Wednesday, July 7, 2010
Imitation vs. Inspiration
That scared me. There have been many times when I've had promising creative ideas only to find out they'd "already been done" or a similar one had just sold. Since I was writing my first-ever play, and Margulies has won a Pulitzer, I decided
it might take the wind out of my sails, and I avoided it.
It was a silly impulse, in a way. Unless you grew up in a Kaspar Hauser box, you are exposed to all kinds of things that add up to who you are, and unless you are an out-and-out plagiarist, whatever comes out of you will be unique to you. When I was first learning to write magazine pieces, I had already been reading them for a decade, and I devoured the best ones (Gay Talese's "Frank Sinatra Has a Cold," Kenneth Tynan's profile of Johnny Carson) to get a handle on what I respected and aspired to.
When I decided to write TV scripts, I read a lot of them to understand, and imitate, the form. When I needed to write a spec pilot, I went to the Paley Center (then the Museum of TV & Radio) and watched a half dozen pilots I respected like "Hill Street Blues" to absorb how characters were introduced, and what kinds of stories planted the seeds for long-term storytelling. It was incredibly helpful without being daunting.
Yet here I was avoiding the play, even though I owned it -- years ago, after seeing Margulies' Dinner With Friends (which HBO did a lame, all-star adaptation of), I had bought a collection of his plays headlined by Sight Unseen, -- and never read any. It was one of those books you buy on impulse and then never quite get around to cracking.
In fits and starts, I made headway in my own play, but I started to run into problems: how would I compress or leap across gaps in chronology? Who was the play about? How could I make it more decisively a play, as opposed to a sitcom?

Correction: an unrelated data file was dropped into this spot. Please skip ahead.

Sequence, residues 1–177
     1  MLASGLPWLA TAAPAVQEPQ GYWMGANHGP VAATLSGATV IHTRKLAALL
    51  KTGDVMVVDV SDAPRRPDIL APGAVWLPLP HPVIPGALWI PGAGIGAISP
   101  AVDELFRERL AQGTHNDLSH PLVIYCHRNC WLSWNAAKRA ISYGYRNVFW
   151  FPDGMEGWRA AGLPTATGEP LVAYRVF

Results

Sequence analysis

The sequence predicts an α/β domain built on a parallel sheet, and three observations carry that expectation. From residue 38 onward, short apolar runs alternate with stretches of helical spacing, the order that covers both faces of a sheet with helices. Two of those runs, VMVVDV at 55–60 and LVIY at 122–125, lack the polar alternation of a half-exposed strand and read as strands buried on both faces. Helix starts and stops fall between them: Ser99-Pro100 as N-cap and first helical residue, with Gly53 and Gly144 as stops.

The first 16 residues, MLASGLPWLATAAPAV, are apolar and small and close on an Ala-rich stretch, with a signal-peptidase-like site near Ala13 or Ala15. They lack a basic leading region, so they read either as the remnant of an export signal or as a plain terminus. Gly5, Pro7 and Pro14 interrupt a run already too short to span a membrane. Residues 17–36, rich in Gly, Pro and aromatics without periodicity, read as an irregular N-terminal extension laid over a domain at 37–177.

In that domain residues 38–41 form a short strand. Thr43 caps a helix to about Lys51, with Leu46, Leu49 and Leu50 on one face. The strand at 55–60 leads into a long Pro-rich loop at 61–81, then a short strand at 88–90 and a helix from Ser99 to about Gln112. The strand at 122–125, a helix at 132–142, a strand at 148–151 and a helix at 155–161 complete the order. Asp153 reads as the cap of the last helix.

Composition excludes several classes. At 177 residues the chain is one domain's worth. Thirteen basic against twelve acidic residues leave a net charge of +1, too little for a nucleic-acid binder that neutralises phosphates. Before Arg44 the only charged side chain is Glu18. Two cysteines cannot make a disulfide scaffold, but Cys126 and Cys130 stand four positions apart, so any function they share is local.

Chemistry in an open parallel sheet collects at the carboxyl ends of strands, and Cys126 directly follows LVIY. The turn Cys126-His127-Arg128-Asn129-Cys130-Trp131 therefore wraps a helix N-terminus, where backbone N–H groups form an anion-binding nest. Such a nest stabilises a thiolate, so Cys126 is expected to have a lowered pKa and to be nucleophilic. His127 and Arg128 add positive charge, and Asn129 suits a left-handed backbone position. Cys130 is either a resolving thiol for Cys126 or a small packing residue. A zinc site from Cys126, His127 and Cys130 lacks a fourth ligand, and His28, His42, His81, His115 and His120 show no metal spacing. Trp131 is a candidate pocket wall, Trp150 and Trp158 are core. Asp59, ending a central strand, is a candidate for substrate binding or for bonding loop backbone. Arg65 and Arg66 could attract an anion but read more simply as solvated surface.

So finally I cracked open "The Loman Family Picnic," Margulies' 1989 drama set in the aspiring middle-class apartment towers of Coney Island in 1965, and the very first piece of dialogue was the mother speaking "to us" (the audience). After a page of monologue, her son enters and the play seamlessly went into action. Throughout Margulies employed direct address, offstage characters, and an onstage character who had died years earlier, and it was like it sprang open a door for me.
I added direct address introduction and transitions to the scenes I had already written, which allowed the lead character to comment on, or even try to cover up, the events, and also helped build to the ending I had already envisioned. Pages started flowing out of me like water. I brought the pages into class and everyone agreed I had finally cracked the play.
What's most hilarious about my resistance is that Margulies' play itself explicitly refers, even in its title, to Arthur Miller's Death of a Salesman. Margulies didn't run away from his inspiration, he grabbed it and took it for a ride in a personal direction.
In the book's afterword, Margulies writes, "I was eleven when I read Death of A Salesman, and I remember the guilt and shame I felt for recognizing in the Lomans truths about my own family....I studied it with great fascination, as if it were a key to understanding what was happening to the people I loved, so that I might somehow alter my family's fate....I imagined that our high-rise was one of the buildings that overshadowed the Lomans' modest house."
He saw that image through to fruition years later, after his parents had died and he felt freer to write about them. My parents are both gone now too, which definitely help me tackle this subject. But I also had to allow myself permission to learn how without worrying that I was copying something. It's an important lesson to hold on to.